Swedish sister act First Aid Kit finds inspiration in American folk and pop 

Swede Emotions

Swede Emotions

It all started with Conor Oberst. Or actually, maybe it all started with Britney Spears.

As sisters growing up in Sweden, First Aid Kit's Johanna and Klara Söderberg would listen to American pop music on the radio and harmonize along — Spears, Beyoncé. This came out of circumstance, mostly — it's just what girls their age gravitated toward. But in 2005, the Söderbergs heard "First Day of My Life" from Bright Eyes' I'm Wide Awake, It's Morning. It's a song that found the angsty boy wonder and Bright Eyes' central member Oberst making a transition into a rootsier, more deeply folk sound. They were hooked.

"It was the simplicity of the music and how pure it felt," Johanna recalls via Skype from Sweden, in perfect English and with no detectable accent. "It was so completely different from anything else we've ever heard on the radio. It turned us from music fans to music lovers."

And, in turn, to music makers. First Aid Kit's sound mixes traditional folk and harmonies with a moody darkness inspired by Nordic winters, mystical lyrics and a yearning that's impossible to imagine could come from two girls so young. Though now 21 (Johanna) and 19 (Klara), they began writing in their early teens. They're entirely self-taught, and their freedom from traditional theory or rules allowed them to spend time soaking in influences, and not just from the musical pride of Omaha, but even further.

"We started digging deeper into the folk tradition," Johanna says. "What was Conor Oberst inspired by? Oh, Bob Dylan. Who inspired Bob Dylan? The Carter Family. And we found all these amazing artists."

First Aid Kit's sound is certainly dressed in hints of all those artists, but what is most haunting is their ability to harmonize: The Söderberg sisters' voices ring together in eerie cadence with a sense of uneasiness, of old spirits and witchy tales. The echoing '60s tones might make Crosby, Stills & Nash stop in their tracks.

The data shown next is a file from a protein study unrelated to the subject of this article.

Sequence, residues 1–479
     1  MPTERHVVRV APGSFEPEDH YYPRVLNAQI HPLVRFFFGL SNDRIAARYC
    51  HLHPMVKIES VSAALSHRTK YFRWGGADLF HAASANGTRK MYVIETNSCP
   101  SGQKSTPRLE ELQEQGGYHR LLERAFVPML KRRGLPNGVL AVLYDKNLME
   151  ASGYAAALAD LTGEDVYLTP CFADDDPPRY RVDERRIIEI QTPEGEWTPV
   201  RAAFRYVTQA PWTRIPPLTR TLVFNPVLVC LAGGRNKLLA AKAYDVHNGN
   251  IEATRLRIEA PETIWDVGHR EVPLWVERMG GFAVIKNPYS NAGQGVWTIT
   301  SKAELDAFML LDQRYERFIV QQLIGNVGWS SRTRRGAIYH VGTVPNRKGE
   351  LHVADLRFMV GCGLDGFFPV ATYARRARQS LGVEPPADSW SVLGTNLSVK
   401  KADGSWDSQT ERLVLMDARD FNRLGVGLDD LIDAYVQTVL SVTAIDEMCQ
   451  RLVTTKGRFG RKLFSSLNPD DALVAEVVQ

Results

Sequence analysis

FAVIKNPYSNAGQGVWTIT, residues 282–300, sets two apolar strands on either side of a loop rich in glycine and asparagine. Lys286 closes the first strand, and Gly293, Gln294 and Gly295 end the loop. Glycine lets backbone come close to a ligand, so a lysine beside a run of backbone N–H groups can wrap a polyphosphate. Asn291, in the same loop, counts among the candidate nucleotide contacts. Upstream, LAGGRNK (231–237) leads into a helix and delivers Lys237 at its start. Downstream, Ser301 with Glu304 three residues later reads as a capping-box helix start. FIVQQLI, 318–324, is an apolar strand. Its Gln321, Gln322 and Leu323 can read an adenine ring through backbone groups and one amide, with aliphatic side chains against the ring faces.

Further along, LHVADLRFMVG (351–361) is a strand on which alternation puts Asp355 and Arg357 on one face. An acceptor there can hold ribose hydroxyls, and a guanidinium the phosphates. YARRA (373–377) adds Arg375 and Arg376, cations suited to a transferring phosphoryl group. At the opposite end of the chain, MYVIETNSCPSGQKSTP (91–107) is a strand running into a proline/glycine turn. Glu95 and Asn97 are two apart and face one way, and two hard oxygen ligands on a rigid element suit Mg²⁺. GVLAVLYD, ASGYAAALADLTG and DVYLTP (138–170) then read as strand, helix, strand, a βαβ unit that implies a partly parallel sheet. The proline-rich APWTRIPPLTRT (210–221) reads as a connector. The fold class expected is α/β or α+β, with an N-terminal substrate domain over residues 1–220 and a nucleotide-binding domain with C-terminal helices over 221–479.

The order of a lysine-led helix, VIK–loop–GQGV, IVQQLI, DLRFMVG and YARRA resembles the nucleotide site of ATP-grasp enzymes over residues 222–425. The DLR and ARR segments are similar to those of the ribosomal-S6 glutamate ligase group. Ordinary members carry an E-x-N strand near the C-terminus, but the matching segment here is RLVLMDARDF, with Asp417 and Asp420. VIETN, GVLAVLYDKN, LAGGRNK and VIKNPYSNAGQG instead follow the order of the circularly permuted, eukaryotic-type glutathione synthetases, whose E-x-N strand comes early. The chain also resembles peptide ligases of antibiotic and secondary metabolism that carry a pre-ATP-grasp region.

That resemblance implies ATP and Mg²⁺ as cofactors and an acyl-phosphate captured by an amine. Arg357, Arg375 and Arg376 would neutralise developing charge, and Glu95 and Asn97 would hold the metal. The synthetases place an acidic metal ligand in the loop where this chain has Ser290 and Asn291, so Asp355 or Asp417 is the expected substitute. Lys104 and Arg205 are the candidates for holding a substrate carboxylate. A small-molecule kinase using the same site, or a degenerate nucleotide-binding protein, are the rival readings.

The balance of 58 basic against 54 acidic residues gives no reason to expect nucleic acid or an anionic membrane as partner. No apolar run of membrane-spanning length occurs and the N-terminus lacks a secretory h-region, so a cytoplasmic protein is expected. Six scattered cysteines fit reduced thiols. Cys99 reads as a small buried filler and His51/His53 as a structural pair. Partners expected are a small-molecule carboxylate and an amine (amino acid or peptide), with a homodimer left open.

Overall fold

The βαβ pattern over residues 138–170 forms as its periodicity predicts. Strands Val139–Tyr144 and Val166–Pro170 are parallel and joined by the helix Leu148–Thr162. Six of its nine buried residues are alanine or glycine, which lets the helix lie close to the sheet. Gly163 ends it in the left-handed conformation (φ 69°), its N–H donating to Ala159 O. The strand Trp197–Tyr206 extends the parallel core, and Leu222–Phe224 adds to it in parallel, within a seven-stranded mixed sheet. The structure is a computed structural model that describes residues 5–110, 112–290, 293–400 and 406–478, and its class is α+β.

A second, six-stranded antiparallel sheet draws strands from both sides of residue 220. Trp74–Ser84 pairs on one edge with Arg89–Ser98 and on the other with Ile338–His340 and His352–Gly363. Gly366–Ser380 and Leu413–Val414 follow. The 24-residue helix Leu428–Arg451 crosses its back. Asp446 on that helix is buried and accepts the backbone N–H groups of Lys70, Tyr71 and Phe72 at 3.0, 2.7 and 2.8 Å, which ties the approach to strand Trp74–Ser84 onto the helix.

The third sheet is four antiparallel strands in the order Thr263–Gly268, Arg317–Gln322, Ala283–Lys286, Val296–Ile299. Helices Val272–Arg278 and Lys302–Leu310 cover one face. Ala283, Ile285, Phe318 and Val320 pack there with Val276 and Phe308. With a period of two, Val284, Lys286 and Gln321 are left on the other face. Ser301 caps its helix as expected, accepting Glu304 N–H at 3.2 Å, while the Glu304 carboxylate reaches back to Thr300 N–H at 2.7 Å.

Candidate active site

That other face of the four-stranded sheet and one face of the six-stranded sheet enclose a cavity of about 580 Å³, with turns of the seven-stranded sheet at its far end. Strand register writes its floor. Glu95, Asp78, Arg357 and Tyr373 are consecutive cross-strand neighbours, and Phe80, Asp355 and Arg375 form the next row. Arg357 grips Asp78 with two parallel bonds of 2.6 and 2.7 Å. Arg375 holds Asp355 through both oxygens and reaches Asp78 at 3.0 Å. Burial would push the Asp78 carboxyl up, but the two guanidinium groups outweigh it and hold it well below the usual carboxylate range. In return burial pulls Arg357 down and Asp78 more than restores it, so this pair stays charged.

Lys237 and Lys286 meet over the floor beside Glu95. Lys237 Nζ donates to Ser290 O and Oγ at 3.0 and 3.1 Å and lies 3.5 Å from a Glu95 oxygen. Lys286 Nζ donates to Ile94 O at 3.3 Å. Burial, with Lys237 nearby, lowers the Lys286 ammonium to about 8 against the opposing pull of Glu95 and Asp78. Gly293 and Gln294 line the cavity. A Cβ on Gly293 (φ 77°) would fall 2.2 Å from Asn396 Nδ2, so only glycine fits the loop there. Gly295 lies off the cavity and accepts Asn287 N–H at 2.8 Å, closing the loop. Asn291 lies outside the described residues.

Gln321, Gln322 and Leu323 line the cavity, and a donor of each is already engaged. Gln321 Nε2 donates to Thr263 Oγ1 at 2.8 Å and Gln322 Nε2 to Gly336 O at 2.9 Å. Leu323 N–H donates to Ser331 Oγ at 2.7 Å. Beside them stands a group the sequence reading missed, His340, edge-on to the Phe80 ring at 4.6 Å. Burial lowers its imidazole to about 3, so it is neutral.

First Aid Kit released their debut LP, The Big Black and the Blue, in 2010, and that led to an intense year of touring. Their adoration for Bright Eyes led them to connect with Mike Mogis — Bright Eyes' producer and a member of Monsters of Folk along with Oberst, M. Ward and My Morning Jacket's Jim James. The supergroup was playing a show in Stockholm, and Johanna and Klara were able to get themselves backstage. There they blushed and whispered like the teenagers they were, eventually managing to approach the band.

"We handed Mike and Conor our first album," Johanna recalls. "We didn't think it would lead to anything — were just little fan girls. But a year later Mike showed up at one of our shows, said he loved the album and wanted to produce the next one." And he did — First Aid Kit spent a month making The Lion's Roar with Mogis in Omaha. Another friend of the band is Jack White, who had the duo record at Third Man when they were in Nashville — a cover of Buffy Sainte-Marie's "Universal Soldier" for Third Man Records' Blue Series.

"Mike is very thorough and a perfectionist," Johanna says. "He can work on something for hours and hours. And Jack seems to be an of-the-moment kind of guy — maybe more impulsive. But in a good way."

Now on the eve of another huge tour, the sisters are spending time "taking walks in the forest by our house and breathing in the Swedish air." But with such a keen interest in American music, they certainly wouldn't mind moving here, hoping to eventually become part of a legacy of roots music and the new folk revival.

"We dream about it," Johanna says wistfully, rattling off places like California, Asheville and Austin. "I can't stand the weather here. I don't know if you've experienced a Swedish winter, but I don't recommend it."

Though if moody, cold, lingering darkness is what helped the sisters create their sound, one has to hope they stay put permanently. Or at least settle for Conor Oberst's moody, cold Omaha basement. That would work, too.

Email music@nashvillescene.com.

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